By Aroun R. Deen
It was twenty-two years ago in March that a once respected and popular secondary school educator suddenly passed away in Freetown to the shock of her many relatives, former colleagues, students, and friends.
Raila Rahman was the Principal of Kankaylay Islamic Secondary School in Freetown. Before gaining her top position there, she had worked as a teacher and acting Vice-Principal at the Annie Walsh Memorial School also in Freetown. But it was her deep sense of compassion and humanity toward others that still linger in the minds of many about her.
Just two days before her sudden death, Mrs. Raila Rahman, sounding cheerful, had spoken by phone to some relatives and some of her female colleagues and students congratulating them on International Women’s Day on March 8, 1999. The 48-year-old Principal had plans to engage in women and girls’ programs in the country on her retirement. But death would deny her the opportunity.
Relatives and friends still remember with deep sadness her shocking death. Her two nieces who were abroad when she passed away, still could not muster the courage to watch a video of her funeral. Both Kiptiatu Iscandari and Haja Ebi Sankoh, in California, fear watching the video may retrigger the pains they suffered when she passed away.
Mrs. Rahman was the matriarch of her family, a well-known family that included her father, Alderman Abdul Fatta Rahman, who broke barriers to become the first Muslim to be elected Mayor of the City of Freetown. She and her nieces were contemporaries due to the close age gap between them. Their mother was an elder sister of Mrs. Rahman. The mother was by far older than their aunt.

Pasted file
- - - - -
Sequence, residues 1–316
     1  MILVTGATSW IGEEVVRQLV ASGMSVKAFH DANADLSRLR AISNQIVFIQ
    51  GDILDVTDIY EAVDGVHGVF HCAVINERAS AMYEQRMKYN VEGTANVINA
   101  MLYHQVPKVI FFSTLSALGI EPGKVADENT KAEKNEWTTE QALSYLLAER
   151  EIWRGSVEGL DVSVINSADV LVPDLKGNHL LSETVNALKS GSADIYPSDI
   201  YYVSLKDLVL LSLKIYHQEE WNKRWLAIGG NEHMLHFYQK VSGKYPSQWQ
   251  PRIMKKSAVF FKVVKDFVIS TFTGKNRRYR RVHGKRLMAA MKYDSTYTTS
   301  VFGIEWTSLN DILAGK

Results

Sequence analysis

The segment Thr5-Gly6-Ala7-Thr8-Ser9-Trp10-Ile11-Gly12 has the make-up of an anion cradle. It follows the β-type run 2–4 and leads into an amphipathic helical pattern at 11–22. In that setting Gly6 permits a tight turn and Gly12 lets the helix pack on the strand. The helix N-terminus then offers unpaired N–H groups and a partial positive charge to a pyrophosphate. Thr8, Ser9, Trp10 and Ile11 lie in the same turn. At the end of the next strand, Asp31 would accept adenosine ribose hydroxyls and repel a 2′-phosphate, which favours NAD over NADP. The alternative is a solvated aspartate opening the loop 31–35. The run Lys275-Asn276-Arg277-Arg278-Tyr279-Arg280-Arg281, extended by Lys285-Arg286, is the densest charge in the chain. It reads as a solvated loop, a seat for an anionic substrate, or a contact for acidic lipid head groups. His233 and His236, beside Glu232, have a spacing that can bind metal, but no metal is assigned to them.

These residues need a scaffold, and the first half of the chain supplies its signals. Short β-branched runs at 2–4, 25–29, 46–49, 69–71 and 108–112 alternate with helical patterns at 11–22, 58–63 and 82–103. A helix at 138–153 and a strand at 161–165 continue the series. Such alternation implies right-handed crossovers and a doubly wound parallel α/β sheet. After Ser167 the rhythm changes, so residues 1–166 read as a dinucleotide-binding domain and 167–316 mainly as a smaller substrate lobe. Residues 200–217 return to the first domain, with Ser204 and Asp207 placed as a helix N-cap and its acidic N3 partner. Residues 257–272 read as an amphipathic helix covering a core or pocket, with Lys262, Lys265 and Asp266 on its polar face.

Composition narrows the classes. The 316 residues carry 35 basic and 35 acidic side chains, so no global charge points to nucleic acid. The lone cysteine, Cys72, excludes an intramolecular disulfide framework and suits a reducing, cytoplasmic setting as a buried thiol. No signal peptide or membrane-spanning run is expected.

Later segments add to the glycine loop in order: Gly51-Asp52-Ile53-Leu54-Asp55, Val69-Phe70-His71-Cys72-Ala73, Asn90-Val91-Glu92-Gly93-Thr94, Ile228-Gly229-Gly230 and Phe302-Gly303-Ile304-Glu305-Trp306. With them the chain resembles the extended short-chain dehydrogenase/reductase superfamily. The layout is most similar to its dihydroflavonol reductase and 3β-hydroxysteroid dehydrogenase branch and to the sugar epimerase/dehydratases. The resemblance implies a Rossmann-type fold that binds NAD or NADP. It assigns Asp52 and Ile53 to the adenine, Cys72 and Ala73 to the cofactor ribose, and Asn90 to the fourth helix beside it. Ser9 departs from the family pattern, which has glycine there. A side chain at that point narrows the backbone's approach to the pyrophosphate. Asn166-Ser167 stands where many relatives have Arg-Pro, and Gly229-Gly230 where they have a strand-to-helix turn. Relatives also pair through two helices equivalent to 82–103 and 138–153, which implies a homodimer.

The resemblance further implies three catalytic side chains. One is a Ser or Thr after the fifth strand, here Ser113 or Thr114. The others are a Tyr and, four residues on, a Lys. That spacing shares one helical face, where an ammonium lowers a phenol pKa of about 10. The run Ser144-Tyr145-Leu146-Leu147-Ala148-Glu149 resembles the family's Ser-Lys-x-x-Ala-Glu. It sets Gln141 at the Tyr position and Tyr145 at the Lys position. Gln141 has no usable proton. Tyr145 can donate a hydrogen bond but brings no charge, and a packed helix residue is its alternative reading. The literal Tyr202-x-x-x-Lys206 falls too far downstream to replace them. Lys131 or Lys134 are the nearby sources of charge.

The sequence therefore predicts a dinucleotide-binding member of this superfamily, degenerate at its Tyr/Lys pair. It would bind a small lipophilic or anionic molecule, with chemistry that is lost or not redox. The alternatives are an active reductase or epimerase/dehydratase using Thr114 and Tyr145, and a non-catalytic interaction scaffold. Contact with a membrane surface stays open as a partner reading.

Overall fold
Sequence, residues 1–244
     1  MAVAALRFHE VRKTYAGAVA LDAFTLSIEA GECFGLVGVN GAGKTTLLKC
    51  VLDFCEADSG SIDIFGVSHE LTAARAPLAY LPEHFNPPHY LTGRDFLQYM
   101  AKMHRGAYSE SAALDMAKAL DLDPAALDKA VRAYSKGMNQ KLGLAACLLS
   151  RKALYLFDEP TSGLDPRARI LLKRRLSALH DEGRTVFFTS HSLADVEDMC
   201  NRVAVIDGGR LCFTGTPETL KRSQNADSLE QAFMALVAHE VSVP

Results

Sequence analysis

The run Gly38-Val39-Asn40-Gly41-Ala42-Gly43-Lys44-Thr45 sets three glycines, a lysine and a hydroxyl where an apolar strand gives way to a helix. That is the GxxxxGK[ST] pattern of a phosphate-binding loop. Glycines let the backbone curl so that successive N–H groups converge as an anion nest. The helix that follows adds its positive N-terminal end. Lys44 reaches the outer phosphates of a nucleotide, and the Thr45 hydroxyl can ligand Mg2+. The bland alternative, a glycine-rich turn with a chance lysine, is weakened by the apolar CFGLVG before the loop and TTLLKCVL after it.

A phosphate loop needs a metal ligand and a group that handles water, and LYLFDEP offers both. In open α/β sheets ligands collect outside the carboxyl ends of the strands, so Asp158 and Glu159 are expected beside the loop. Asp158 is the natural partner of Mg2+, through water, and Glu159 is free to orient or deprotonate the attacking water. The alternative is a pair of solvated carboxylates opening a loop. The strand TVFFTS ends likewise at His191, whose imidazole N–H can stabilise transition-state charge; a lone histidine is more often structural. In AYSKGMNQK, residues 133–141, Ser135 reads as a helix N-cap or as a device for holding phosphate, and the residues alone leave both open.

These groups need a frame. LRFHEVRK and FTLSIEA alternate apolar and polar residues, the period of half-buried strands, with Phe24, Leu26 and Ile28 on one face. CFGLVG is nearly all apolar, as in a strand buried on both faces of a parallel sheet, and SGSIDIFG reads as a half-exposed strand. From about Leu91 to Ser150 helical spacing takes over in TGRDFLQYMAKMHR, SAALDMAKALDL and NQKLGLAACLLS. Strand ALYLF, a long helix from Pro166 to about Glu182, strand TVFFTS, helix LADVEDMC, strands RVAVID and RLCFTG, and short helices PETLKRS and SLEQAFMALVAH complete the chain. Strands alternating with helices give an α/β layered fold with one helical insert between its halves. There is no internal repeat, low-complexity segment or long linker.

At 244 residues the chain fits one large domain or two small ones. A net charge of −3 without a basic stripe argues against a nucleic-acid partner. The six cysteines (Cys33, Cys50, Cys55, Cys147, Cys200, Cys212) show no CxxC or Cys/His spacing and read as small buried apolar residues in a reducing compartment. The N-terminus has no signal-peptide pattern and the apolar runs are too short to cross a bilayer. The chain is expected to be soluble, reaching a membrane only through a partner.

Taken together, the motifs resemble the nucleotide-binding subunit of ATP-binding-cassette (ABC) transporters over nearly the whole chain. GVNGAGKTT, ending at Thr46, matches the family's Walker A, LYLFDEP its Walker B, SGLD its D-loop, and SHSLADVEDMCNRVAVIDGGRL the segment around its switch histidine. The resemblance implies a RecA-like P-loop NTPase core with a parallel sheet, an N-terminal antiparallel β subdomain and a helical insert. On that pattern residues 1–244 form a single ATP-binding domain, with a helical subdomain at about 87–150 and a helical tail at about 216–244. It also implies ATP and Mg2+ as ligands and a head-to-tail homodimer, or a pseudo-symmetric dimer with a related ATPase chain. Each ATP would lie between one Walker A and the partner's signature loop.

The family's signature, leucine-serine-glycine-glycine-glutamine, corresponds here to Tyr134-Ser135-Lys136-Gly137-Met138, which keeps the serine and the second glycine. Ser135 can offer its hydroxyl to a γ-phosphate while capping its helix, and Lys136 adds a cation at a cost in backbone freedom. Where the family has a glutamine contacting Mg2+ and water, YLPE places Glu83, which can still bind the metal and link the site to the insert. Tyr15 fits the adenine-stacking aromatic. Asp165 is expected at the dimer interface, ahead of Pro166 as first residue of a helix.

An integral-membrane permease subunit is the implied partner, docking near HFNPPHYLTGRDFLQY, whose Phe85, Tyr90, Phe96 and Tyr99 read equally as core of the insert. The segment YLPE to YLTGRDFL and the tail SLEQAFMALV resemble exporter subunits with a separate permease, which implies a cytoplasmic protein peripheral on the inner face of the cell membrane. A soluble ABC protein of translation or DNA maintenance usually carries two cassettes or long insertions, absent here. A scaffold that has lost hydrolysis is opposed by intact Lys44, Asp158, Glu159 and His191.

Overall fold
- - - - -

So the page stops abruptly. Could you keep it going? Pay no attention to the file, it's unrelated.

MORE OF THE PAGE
Growing up, Iscandari and Sankoh, and their brother, her nephew, Alhaji Wahab, developed a close bond with their aunt. She was more of an elder sister and intimate friend than an aunt to them. They used to confide in her more than they did in their parents. All three of them are now working as senior personnel in the health care sector in the United States.
They also attribute their academic success as well as other accomplishments to the educational foundation she led them through. It was a trait her son, Abdul Fatta Rahman in Freetown echoes as well. Fatta Rahman describes his late mother as a disciplined, selfless, and kindhearted woman.
Haja Ebi Sankoh recalls Mrs. Rahman taking them to the city library and registering them. She also ensured that they attend frequently. “She instilled in us the habit of reading consistently,” she remembers. Sankoh says her aunt was always supportive of the family in every respect. Kiptiatu Iscandari agrees. She says that their aunt was special. Iscandari says Mrs. Rahman was a mentor who meant so much to them, adding that she was inspiring as well.
Standing at five foot ten, and always wearing a serious look, Raila Rahman’s disposition personified diligence, a no-nonsense, and upright woman. Her persona, plus her uncompromising dedication to learning led her to appear intimidating to some young men around who would only imagine at most. To some, she was thought of as Miss. Hard-to-get. Navy Officer Lieutenant Younusa Rahman was one man who was not so intimidated. The two got married later. He relishes that they both shared the same last name, Rahman, even before they got married. He nicknamed her, R-Square, as a result. Unfortunately, they were separated before she died.
At the Annie Walsh Memorial School where she spent close to two decades of her professional career, the former teacher of English Language and Literature did more than teaching. She also was concerned about the well-being of her students.